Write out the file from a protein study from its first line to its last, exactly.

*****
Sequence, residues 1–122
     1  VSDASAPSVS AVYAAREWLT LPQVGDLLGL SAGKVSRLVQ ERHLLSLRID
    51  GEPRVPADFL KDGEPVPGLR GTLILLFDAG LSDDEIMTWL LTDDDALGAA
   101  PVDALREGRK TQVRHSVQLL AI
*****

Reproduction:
Sequence, residues 1–122
     1  VSDASAPSVS AVYAAREWLT LPQVGDLLGL SAGKVSRLVQ ERHLLSLRID
    51  GEPRVPADFL KDGEPVPGLR GTLILLFDAG LSDDEIMTWL LTDDDALGAA
   101  PVDALREGRK TQVRHSVQLL AI